Actually, every dungeon level was not randomly generated. In theory, If you had string to carry with you, you could find your way back to point B the next time you played the game. The level layouts were different from the next throughout the entire game. There are a total of 50 dungeon levels in the entire game (each one was fairly large, guessing 32x32). On the Commodore 64 version, Avalon Hill incorporated redefined characters and sprites to make the walls, doors, monsters and traps look better.

This game was incredibly easy to hack since it was written in BASIC. You could give yourself thousands of experience points per kill and make the game a whole lot easier.

Actually, there are photos of one person's mapping job of Level 1, and he claims that the maps are more like 200x200. Pete's page is a tribute to Telengard at the following site which has several links to other resources (as well as a win32 port of the game) and the photos:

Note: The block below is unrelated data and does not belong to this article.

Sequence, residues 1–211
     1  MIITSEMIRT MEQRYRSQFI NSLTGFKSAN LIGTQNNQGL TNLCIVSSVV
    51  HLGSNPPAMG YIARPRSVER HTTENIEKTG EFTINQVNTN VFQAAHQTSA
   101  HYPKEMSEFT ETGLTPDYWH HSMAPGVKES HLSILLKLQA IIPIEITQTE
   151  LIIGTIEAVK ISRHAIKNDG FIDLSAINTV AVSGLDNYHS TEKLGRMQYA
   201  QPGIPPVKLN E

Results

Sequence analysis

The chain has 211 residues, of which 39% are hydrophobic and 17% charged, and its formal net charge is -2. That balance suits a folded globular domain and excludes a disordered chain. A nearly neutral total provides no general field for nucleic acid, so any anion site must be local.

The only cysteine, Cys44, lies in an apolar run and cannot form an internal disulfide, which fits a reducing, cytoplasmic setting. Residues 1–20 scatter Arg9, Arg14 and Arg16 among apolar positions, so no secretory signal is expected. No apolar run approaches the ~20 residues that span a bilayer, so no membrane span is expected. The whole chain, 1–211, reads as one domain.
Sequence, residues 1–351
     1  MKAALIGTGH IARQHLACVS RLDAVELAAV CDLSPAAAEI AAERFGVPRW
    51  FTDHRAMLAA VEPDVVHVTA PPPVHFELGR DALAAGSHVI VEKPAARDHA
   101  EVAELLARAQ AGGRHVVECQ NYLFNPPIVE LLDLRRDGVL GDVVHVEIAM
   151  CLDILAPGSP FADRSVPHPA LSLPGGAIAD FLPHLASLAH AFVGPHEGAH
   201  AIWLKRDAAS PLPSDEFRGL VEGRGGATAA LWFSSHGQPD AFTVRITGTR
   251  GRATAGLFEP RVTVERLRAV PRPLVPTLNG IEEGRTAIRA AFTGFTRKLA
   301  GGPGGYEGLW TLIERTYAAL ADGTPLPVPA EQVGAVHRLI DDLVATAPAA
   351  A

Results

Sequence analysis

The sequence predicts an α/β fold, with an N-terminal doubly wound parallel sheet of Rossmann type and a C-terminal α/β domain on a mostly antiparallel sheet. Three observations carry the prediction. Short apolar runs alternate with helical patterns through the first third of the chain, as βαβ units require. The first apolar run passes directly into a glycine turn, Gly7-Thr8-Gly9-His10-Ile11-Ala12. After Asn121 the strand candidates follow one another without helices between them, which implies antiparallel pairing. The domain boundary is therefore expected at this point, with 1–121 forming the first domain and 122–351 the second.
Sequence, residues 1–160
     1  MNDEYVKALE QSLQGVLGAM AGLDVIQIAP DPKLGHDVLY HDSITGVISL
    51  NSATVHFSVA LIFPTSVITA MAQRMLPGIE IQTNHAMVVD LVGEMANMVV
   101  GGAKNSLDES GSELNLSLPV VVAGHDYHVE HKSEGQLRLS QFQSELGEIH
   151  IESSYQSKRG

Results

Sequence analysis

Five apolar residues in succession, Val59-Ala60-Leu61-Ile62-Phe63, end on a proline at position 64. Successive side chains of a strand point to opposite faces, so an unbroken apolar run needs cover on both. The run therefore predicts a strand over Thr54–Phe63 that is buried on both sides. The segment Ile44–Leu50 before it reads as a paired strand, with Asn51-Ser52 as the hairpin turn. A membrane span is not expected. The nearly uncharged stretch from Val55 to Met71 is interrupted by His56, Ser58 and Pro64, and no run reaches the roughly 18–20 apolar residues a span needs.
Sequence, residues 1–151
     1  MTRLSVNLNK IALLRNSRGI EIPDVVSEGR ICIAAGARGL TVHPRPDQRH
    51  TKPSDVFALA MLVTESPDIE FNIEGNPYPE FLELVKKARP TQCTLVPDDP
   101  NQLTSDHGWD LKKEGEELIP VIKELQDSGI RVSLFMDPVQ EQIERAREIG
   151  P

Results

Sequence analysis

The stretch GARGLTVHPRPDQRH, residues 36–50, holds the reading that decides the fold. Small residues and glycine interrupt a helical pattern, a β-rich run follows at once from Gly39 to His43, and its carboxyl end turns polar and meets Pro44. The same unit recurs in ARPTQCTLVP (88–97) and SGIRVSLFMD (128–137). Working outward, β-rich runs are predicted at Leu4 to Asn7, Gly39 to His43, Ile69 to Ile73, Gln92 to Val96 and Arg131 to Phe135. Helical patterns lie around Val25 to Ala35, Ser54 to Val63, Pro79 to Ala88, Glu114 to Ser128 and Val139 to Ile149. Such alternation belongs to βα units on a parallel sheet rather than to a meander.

Imagine the following dimensions, 200x200x50. This is a non-random dungeon of monumental size. Pretty amazing for a game that was written entirely in BASIC in 1983, no?

More specifically, the particular line to hack to give you copious amounts of experience (using the C=64 emulated version) is:

3223 E=ML*M*10:EX=EX+E:GOSUB19000

just change the 10 to whatever multiplier you want.

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